Remote employees at St. Louis-based businesses will not be subject to a 1% earnings tax, according to proposed legislation.
Salaries, wages, commissions, and other compensation earned by nonresidents of the city will not be taxed after Jan. 1, 2021, if the work or services performed or rendered were through telecommuting or remote work, unless their physical location is in the city, according to House Bill 1740, sponsored by Rep. Shamed Dogan, R-Ballwin.
During the pandemic last year, Kansas Municipal began refunding earnings taxes paid from people who started working remotely outside the city limits. Lawyers launched a class-action lawsuit against the city of St. Louis to collect profits taxes taken from remote workers’ paychecks, but the claim was dismissed by a circuit court judge in January. In addition to the 1 percent employee earnings tax, the city collects a 0.5 percent payroll tax from firms located in the city borders. The tax must be paid by employees who operate remotely from within the municipal limits.
“It’s just the right thing to do to give those taxpayers that money back because these are working folks. These aren’t just rich people we’re talking about. These are people doing day-to-day work at companies. Every little pinch that any government is taking out of their pocketbook hurts them. We ought to try and get our cities to do the right thing and tax them where they are actually using those services.”Rep Shamed Dogan
Dogan stressed that the law has no bearing on whether or not St. Louis or Kansas City can impose an earnings tax. According to the city’s 2022 revenue forecasts document, St. Louis collected $177 million in earnings taxes in fiscal year 2020. Earnings taxes are expected to be $191 million in 2021, with $180 million anticipated for fiscal year 2022, accounting for around 35% of the city’s $511 million yearly budget.
Members of the House Workforce Development Committee, both of whom represent districts in the St. Louis area, questioned the bill’s motivations. Rep. Dogan claimed that comments from his constituents and those from the surrounding districts, as well as media attention, claimed that workers were unfairly taxed for city services they didn’t receive since they worked remotely.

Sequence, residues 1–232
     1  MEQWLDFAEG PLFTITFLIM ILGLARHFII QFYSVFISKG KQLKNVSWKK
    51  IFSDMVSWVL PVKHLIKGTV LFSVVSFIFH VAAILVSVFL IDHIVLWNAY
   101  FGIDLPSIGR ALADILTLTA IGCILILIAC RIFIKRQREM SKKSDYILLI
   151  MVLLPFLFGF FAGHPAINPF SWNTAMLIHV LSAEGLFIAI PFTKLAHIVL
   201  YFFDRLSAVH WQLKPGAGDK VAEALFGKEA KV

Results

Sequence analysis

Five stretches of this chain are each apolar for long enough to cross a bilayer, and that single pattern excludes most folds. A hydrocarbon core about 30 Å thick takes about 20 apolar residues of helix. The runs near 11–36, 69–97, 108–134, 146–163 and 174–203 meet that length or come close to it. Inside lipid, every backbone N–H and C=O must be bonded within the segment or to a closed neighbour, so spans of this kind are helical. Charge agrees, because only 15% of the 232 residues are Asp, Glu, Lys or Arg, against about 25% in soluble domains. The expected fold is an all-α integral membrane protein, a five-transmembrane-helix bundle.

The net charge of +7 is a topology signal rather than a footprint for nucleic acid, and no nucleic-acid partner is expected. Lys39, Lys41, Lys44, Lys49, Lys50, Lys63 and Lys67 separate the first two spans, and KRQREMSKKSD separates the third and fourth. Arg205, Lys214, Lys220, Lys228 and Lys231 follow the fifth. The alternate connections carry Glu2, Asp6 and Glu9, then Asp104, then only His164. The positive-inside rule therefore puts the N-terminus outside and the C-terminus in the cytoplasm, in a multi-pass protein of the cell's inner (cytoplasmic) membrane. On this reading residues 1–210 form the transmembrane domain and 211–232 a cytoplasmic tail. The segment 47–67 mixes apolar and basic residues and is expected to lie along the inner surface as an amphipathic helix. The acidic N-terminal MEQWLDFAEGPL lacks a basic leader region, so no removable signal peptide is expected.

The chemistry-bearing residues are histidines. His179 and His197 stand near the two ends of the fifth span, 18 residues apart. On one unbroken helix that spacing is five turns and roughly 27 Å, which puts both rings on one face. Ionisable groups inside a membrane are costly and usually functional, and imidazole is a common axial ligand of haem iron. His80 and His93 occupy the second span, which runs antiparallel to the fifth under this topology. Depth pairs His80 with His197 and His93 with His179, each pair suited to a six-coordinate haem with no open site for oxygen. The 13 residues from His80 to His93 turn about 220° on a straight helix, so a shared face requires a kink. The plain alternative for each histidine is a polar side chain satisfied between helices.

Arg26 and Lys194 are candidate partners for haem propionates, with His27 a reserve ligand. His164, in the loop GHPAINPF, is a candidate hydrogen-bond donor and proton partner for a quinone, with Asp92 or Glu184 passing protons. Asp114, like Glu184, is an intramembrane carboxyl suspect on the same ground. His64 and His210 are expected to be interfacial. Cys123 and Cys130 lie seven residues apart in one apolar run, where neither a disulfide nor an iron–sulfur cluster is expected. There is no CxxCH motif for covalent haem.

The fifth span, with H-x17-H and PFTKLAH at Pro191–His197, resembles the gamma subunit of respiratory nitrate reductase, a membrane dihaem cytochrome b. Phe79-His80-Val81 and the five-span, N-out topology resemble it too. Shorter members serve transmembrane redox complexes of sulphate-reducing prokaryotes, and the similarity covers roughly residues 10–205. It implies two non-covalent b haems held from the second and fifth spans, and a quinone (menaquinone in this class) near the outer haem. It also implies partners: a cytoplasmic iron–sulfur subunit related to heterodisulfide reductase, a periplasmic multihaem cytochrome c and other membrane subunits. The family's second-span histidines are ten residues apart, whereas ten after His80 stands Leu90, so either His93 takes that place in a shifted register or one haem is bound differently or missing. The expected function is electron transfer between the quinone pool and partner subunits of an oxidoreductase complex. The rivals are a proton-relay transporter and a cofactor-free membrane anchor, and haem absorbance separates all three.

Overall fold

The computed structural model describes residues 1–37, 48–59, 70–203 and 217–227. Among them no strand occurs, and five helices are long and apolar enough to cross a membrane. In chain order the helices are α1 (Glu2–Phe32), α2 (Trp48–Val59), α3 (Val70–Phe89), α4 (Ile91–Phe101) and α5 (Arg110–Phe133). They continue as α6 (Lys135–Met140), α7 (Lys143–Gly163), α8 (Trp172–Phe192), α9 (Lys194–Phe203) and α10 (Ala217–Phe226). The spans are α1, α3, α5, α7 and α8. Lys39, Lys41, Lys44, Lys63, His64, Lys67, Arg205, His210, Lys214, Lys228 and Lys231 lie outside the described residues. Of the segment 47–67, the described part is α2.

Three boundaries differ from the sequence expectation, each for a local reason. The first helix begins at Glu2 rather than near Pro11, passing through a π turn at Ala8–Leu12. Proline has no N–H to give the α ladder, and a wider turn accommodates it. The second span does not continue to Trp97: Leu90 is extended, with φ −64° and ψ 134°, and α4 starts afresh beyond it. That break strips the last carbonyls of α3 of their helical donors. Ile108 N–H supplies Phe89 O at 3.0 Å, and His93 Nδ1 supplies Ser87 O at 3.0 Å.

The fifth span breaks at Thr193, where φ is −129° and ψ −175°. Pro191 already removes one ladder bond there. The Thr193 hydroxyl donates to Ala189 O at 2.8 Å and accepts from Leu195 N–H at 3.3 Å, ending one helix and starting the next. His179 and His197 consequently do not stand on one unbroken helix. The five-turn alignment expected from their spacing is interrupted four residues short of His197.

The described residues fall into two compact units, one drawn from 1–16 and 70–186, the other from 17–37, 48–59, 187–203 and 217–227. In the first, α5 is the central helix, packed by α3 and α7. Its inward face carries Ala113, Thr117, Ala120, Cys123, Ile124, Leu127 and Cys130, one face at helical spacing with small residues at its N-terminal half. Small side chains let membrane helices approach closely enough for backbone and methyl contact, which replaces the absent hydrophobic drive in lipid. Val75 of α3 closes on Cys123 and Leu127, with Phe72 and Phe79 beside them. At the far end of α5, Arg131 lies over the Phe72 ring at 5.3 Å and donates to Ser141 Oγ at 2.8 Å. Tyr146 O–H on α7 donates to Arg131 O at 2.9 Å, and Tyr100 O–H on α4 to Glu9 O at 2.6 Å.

“And one of the interesting things about the earnings tax is that close to a majority of the people who pay it don’t reside in the city. People who aren’t working in the city shouldn’t be paying the earnings tax for the city.”Rep. Dogan
Rep. Bridget Walsh Moore, D-St. Louis, argued that comparing the state’s only two cities with earnings taxes was unfair.
“The city limits of Kanas City are not the same as St. Louis. So when we’re talking about adding in the folks in the county, that’s the majority of the population of St. Louis.”Rep. Walsh Moore
The law, according to Chuck Pierce of the Associated Industries of Missouri, will bring stability.
“The City of St. Louis redefined the definition of (tax) nexus to specifically exclude the telecommuters. So now we have an inconsistent definition of the same statute.”Chuck Pierce, Associated Industries of Missouri
The earnings tax was established 60 years ago and is now collected in 39 communities around the country, according to Tom Vollmer, deputy collector for the City of St. Louis.
“We copied this tax from Philadelphia,” Vollmer said. “They were the first ones and they charged 4%. We only charge 1% and New York charges 5%.”Tom Vollmer, Deputy Collector, St. Louis
The city, according to Vollmer, will follow any court rulings on the profits tax. Vollmer, when questioned if demand for city services decreased during the pandemic, responded that basic services had to be maintained.
“You have to provide for the streets for the businesses that still exist and the police and fire… you just can’t say, ‘OK, today people aren’t coming to work so we don’t have to pave the streets. It’s an ongoing expense and you guys know that.”Tom Vollmer, Deputy Collector, St. Louis
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